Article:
Life Without Easy Answers

Published on October 14, 2010 by

I've spent twenty five years plus working with individuals and couples, helping them to create positive change in their lives.

Ten of those years were spent in a full time private practice as a psychotherapist.

Over the years, I've learned at least a little about life, people, change, joy and pain.

I've learned a lot about myself.

My successes have taught me a lot.

And pain has taught me a lot. Pain I've inflicted on myself and pain I've caused others.

When I left home for college, I understood life. Well, I thought I did.

It turns out I didn't. Not by a long shot.

I grew up in an environment where the all the answers were given to me.

If anyone had any questions about life, including "God," the answers were right there in black and white.

Over the years, I discovered the hard way, that life, including "God" is far from black and white.

I had to let go of life with easy answers. Or it was going to destroy me.

I needed to embrace life without easy answers.

It wasn't easy, and the process almost did me in.

It was messy and painful. It was agonizing.

I've heard a lot of "answers" to life's tough questions. Answers ranging from extremely conservative Christian thinking to mind blowing metaphysical thinking.

And here's what I've concluded: It's all opinion.

Nobody knows for sure when it comes to the tough questions about life.

I've had clients who have lived through or with everything  from...

  • Rape
  • Sexual abuse beyond what you could imagine
  • Severe mental and emotional abuse
  • Severe abuse from their churches
  • Schizophrenia
  • Horrible medical conditions that ended their lives
  • Lives being torn apart by a psychopath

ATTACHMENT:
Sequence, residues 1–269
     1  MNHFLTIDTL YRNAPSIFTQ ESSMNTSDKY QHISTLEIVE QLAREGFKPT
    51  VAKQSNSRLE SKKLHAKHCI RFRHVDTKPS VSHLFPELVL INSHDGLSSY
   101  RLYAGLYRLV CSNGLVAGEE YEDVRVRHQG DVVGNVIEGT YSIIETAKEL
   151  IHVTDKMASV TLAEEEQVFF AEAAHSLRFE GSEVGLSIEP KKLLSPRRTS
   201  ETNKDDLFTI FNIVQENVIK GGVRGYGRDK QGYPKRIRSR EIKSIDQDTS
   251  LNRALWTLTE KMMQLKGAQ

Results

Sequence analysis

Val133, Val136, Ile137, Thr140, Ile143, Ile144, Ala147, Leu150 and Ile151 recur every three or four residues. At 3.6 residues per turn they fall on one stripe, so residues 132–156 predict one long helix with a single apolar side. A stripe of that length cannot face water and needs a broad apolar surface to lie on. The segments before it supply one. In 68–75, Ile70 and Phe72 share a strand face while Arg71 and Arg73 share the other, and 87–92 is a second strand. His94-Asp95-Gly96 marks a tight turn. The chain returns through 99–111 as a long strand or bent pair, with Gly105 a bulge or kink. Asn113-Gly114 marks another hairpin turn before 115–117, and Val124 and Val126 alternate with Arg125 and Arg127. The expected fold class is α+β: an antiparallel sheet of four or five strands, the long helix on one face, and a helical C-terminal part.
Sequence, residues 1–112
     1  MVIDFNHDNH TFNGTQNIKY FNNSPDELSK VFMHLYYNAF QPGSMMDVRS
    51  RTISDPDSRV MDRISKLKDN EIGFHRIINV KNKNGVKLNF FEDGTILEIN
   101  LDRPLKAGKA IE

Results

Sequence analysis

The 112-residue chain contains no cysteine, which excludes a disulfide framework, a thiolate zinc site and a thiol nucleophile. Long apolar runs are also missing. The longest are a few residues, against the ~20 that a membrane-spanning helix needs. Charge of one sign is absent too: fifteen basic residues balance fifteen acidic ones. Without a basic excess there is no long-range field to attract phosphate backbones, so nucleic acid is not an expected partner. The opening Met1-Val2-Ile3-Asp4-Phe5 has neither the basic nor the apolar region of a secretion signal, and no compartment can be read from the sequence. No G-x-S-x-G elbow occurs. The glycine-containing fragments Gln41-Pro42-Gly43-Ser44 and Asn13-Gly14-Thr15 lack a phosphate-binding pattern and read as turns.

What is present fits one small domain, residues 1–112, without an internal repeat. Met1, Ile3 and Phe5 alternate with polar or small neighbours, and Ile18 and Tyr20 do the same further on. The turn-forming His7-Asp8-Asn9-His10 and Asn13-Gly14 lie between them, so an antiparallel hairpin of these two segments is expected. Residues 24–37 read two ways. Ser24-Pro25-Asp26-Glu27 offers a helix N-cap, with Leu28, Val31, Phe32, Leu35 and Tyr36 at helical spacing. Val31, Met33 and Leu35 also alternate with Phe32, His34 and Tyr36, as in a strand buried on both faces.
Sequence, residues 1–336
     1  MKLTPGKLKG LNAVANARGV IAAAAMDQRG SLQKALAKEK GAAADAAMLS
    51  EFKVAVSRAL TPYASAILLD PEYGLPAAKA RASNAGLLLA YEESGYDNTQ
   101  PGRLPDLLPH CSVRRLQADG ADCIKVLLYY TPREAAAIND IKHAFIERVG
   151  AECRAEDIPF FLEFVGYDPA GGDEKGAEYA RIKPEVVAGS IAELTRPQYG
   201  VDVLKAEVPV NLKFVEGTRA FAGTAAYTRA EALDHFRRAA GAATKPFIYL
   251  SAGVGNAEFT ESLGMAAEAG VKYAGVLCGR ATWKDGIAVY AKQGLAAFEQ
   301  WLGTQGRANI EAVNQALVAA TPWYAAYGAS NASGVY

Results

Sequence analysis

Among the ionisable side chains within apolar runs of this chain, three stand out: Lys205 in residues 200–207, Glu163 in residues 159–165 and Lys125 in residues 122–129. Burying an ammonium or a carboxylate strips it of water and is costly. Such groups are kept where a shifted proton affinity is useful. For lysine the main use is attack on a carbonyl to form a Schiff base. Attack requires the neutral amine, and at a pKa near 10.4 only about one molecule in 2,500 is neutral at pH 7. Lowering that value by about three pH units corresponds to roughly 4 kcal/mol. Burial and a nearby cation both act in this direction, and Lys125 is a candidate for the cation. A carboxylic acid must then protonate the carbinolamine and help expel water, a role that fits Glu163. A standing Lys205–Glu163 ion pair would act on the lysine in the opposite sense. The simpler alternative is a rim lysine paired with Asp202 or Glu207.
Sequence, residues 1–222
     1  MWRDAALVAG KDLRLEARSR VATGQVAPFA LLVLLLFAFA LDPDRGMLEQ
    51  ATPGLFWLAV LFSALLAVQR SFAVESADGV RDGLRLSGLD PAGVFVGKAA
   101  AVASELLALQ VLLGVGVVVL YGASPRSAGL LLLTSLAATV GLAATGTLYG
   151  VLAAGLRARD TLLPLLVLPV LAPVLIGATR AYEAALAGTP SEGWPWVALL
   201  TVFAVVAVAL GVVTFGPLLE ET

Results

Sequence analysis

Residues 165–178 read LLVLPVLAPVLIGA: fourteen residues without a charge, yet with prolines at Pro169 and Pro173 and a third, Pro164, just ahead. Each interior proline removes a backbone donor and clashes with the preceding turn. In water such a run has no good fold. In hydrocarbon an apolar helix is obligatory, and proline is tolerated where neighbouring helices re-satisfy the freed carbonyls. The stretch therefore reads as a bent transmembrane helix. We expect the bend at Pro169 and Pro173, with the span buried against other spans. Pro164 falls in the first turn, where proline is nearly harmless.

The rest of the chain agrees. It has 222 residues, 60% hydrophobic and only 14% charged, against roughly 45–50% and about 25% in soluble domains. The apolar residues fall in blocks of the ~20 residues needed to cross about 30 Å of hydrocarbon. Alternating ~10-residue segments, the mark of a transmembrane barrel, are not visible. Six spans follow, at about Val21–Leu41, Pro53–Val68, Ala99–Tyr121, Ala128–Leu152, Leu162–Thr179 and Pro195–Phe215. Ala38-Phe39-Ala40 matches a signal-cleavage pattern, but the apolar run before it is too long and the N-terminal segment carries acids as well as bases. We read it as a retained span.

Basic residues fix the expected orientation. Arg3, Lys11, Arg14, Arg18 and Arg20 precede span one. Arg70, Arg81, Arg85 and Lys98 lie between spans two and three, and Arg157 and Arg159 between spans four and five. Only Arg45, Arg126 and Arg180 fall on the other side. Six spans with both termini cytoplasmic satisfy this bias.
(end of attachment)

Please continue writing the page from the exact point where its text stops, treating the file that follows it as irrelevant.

• Parents of adolescents or grown children who committed suicide
  • Alcoholism and drug addiction
  • Financial ruin that was beyond their control

I could go on, but that's enough. I'm sure it wasn't pleasant reading.

It wasn't pleasant working with my clients who dealt with these things, but it was more meaningful and humbling than I could put into words.

Through them, and through experiences in my own life (that I wouldn't wish on anyone) I've learned that for many things in life, there are no easy answers.

It's kind of ironic, because that's a pretty black and white statement.

But, it's the best I can do on the subject.

I don't mean there's not any hope or comfort to be had. If there's one thing I've learned, human beings are unbelievably resilient. In a mind boggling way.

I just mean there's not any easy answers to some things.

I think we are here on earth to learn, grow and love. Especially to love and be loved.

Still, life is often complex, messy and overwhelming...and without "easy answers."

I would love to hear what you think.


  1. david

    That is a great one to consider Alan.
    It seems to me , I often want to be right in my answers. And to supply the easy relevant answers...
    To myself and others... to be helpful of course.

  2. david

    Currently I believe the source of my answers has to be
    From some power greater than myself. I believe now I do not have to be right about all things. I only have to progress. I understand people who say they can't save the world are being more than honest, flippant & simple. I understand why I can no longer live so much on syntaments. It depleats my sanity when I am left to my own shelf of easy answers.
    It works for me better to have a source for answers of all classifications which are helpful to guide me. Since I will never be choosing perfectly always, I gain confidence if I step with faith in the Answer Giver's words rather than what I may choose in a given moment.
    I appreciate you not believing you have all the answers easily because you are honest & not wanting to join the Know-it-alls of life. Also, you show willingness to dig deep, roll up your sleeves and work on the tough answers.

    • Alan Allard

      David, I love your phrase, "The know it alls of life." That's great!

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